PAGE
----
The West is discredited
The political implications of the failures of globalization were also demonstrated at this year’s Davos forum. When Russia invaded Ukraine, the Kremlin drew immediate and almost universal condemnation. But three months later, emerging market and developing economies have taken a more ambivalent stance. Many point to the hypocrisy of the United States in demanding that the perpetrators of Russian aggression be punished, despite the fact that they invaded Iraq in 2003 under false pretenses.
Emerging market and developing countries have also taken notice of the recent “vaccine nationalism” in Europe and the United States, fueled by intellectual property regulations imposed on them by the World Trade Organization years ago. And it is these countries that now have to bear the brunt of rising food and energy prices. Along with historical injustice, recent events have discredited the West’s defense of democracy and the international rule of law.
To be sure, many of the countries that refuse to support the US-led defense of democracy are not democratic anyway. But there are other countries, and America’s position as a leader in this struggle has been undermined by its own failures, from systemic racism and the Trump administration’s flirting with authoritarian leadership, to the Republican Party’s insistence on suppressing the vote and diverting attention from the January 6, 2021 uprising on Capitol Hill. .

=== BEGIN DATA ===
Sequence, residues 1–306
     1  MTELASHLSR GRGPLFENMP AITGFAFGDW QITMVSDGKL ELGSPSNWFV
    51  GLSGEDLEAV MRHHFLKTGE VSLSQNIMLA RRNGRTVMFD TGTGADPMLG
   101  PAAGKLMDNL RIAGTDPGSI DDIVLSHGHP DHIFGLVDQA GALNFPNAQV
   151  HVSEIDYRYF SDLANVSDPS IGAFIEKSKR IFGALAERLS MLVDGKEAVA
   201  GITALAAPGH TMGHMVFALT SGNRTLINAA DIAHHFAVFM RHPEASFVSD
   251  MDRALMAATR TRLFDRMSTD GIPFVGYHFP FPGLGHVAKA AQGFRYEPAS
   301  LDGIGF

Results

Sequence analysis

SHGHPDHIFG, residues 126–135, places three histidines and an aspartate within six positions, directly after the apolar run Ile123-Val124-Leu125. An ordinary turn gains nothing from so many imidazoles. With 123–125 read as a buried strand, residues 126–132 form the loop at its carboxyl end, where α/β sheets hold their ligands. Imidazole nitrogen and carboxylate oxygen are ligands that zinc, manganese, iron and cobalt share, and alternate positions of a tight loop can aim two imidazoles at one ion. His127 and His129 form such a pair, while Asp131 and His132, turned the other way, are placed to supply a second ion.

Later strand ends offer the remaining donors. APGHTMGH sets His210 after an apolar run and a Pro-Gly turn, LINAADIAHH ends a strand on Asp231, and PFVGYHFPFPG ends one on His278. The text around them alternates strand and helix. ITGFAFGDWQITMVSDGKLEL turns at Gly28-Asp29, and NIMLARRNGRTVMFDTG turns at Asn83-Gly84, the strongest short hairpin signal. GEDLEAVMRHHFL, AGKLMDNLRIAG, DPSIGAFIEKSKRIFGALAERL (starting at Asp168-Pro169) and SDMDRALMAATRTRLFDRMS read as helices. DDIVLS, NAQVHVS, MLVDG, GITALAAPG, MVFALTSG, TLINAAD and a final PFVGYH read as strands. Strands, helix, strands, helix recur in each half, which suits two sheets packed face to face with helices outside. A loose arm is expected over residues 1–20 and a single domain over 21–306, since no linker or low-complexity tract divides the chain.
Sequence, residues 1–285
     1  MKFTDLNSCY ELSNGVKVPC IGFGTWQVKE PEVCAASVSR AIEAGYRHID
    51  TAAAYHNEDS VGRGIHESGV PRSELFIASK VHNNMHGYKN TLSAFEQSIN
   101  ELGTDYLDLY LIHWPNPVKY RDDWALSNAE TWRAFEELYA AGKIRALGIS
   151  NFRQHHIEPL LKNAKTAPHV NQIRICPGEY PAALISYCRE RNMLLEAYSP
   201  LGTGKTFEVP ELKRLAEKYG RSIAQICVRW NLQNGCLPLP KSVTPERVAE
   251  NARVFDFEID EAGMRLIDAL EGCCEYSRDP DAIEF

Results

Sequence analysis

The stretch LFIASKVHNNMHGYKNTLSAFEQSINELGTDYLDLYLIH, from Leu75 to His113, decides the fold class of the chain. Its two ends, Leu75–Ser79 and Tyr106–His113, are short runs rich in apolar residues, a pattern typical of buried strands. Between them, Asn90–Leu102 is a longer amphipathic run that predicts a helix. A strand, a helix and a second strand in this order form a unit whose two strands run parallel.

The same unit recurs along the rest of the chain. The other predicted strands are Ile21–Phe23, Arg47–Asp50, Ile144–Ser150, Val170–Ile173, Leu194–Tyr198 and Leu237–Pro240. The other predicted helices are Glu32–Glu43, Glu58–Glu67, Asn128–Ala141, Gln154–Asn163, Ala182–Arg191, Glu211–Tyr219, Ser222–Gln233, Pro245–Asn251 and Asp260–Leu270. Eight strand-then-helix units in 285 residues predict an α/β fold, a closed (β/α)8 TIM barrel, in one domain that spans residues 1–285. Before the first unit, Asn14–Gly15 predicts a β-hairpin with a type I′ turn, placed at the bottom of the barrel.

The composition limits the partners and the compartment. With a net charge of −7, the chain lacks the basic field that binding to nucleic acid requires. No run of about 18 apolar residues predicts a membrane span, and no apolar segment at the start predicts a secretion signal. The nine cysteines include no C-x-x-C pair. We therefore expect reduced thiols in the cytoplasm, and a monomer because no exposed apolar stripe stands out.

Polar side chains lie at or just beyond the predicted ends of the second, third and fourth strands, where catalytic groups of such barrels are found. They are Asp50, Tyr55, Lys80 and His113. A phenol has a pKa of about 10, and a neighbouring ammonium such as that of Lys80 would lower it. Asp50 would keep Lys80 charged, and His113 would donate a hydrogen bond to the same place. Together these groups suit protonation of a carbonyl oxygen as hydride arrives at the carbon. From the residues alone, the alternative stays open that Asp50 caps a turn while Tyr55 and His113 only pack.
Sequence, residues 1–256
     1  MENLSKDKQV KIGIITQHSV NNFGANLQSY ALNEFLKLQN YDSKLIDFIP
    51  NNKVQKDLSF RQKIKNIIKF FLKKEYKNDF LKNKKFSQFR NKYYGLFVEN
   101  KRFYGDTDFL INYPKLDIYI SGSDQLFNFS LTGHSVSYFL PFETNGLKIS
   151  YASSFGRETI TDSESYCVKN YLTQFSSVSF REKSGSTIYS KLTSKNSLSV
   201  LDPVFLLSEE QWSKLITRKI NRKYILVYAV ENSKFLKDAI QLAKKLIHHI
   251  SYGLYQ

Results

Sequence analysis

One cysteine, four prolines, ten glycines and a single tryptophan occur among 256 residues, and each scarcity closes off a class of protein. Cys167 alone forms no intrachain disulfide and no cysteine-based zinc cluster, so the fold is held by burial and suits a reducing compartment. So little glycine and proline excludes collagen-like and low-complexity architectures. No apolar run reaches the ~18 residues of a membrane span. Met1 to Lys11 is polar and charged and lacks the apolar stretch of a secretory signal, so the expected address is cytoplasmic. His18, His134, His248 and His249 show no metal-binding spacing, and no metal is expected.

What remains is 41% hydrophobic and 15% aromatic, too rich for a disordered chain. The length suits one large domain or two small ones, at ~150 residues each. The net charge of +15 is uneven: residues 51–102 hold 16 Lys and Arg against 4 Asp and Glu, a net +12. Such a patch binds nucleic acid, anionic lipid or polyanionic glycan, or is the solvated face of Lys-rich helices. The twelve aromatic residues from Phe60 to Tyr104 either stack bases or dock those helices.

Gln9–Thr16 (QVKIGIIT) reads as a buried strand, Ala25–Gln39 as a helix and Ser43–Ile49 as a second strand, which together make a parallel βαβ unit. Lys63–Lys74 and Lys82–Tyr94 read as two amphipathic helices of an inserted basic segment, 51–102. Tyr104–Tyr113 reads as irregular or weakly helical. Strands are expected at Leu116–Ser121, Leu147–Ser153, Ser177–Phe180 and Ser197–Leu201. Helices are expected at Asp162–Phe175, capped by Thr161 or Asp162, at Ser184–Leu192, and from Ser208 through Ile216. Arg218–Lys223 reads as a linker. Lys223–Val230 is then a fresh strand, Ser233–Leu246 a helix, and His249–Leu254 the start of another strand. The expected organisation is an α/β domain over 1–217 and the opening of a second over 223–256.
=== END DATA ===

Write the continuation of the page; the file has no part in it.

control the descent
For the United States, the best way forward would be to show greater solidarity with emerging market and developing countries, helping them cope with rising food and energy prices. This can be achieved by redistributing special drawing rights of rich countries (the reserve asset of the International Monetary Fund) and supporting a strict intellectual property exemption from COVID vaccines in the WTO.
In addition, high food and energy prices could trigger debt crises in many poor countries, exacerbating the tragic inequalities caused by the pandemic. If the United States and Europe are to demonstrate true global leadership, they must stop supporting the big banks and lenders who are pushing countries to borrow more than they can bear.
After four decades of advocating globalization, it is clear that Davos regulars have done a poor job. They promised prosperity to both developed and developing countries. But while the corporate giants of the global north were getting richer, processes that could improve the overall situation were met with enemies everywhere. The “side effect” suggesting that enriching the rich would automatically benefit everyone was a scam, an idea not supported by either theory or evidence.
The Davos Forum this year was a missed opportunity. This could be an occasion to seriously reflect on the decisions and policies that have brought the world to where it is today. Now that globalization has reached its peak, we can only hope that we can handle its decline better than its rise.
* Joseph E. Stiglitz is a Nobel Laureate in Economics and Professor at Columbia University. He was the chief economist of the World Bank.
Translated by Julian Knochart.